Editorially Resolved Suzanne W. Vincent
American novelist, Chuck Palahniuk, once said, “People don’t want their lives fixed. Nobody wants their problems solved. Their dramas. Their distractions. Their stories resolved. Their messes cleaned up. Because what would they have left? Just the big scary unknown.“
That’s true of life, isn’t it? I mean, we all dream of a time when we won’t have any more troubles, no more work to do, no more bills to pay, a point at which we’re done.
But what next?
We’ve all heard of the Christian idea of heaven in which we sit around on clouds playing harps, right?
How does that sound to you?
To me, it sounds deadly boring. I, as a non-traditional Christian, hope heaven has a heck of a big library and a computer so I can keep learning and working. Give me a couple of millennia in a heavenly library (which would, obviously, include every detail of every scrap of knowledge ever known by human or alien), and I’d have just gotten through the history section. Not to mention that I expect to be assigned to watch over my grandchildren–if I ever get any!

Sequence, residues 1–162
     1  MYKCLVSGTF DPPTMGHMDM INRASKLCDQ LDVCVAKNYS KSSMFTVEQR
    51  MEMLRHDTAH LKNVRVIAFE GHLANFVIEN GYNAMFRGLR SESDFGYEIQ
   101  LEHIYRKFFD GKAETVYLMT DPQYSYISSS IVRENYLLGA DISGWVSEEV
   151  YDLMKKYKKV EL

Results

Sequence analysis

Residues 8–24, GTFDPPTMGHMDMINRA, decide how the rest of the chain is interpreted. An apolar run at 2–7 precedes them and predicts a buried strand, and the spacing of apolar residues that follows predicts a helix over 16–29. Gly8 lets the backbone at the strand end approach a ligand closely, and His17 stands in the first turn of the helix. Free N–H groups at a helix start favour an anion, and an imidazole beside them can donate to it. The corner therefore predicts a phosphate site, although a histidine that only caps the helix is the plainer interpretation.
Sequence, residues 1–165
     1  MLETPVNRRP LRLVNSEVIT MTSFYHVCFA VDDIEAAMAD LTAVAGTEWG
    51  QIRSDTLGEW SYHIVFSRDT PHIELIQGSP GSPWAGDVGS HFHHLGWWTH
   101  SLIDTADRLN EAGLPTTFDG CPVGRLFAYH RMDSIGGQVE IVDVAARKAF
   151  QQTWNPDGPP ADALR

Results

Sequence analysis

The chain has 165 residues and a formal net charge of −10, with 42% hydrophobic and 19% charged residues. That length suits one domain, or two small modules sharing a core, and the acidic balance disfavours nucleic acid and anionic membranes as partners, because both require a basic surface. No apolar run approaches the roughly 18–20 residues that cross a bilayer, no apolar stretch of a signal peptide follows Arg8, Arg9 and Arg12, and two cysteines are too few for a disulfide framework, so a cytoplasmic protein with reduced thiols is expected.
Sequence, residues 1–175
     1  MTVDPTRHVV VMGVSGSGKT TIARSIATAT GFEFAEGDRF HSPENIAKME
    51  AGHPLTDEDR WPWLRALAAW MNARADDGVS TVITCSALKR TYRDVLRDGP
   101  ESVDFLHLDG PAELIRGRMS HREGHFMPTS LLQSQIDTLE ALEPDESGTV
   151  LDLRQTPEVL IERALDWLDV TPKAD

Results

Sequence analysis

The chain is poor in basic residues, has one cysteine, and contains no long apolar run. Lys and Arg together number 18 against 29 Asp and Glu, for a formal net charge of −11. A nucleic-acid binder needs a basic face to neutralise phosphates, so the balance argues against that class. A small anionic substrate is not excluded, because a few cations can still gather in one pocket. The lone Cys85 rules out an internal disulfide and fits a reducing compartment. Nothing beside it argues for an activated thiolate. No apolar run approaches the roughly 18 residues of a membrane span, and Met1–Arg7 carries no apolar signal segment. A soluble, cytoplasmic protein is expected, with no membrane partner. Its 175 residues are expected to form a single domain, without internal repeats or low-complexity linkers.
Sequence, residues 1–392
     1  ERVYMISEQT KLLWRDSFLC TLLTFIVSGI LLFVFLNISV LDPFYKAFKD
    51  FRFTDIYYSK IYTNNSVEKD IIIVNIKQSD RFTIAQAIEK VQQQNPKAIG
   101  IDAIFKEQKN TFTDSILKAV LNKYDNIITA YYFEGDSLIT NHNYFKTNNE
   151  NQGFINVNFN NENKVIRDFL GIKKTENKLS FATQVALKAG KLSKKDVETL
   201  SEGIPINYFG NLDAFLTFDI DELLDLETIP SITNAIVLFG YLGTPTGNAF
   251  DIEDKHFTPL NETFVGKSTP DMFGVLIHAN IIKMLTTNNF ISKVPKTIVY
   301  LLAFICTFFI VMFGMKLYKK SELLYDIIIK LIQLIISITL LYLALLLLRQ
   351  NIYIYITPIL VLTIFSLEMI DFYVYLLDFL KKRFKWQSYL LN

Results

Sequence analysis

So, no, I don’t think, at our core, that we do want our lives resolved.
But, by gum, an author had better resolve a story.
Why the contradiction?
Because our very humanness craves that too. We crave a sense of completeness, of our ability to finish what we start.
That’s one of my many issues. I tend to get grumpy when someone interrupts me in the middle of a project. But one reason I want to finish that project is so I can go on to the next project. Resolved yet unfinished.
We love resolved stories at Flash Fiction Online. We’ve rejected hundreds of well-written stories in our eight years that just didn’t resolve.
Our four stories this month do. The question is, do they resolve in a way that satisfies you? Only one way to find out. Read! Go. Do it now.
Next up we give you “The Kiss” by K.C. Norton, a sweet story just right for a generation of kids (listen to me sounding like an old lady) frightened of commitment.
Third, a terrifying story of a mother with, well, issues. “Face Time” by Matthew Amati. Remember Mommie, Dearest? Yeah. That woman had nothing on this Mommy.
And again this month we bring you a resurrected story. In the Biz, we call them ‘Reprints.’ Stories that have been printed before in another venue that we liked well enough to want to give them and their authors a second chance at finding a new readership. So, from author Marina Lostetter we offer “Comet Man,” originally published in 2013 at Penumbra eMag.
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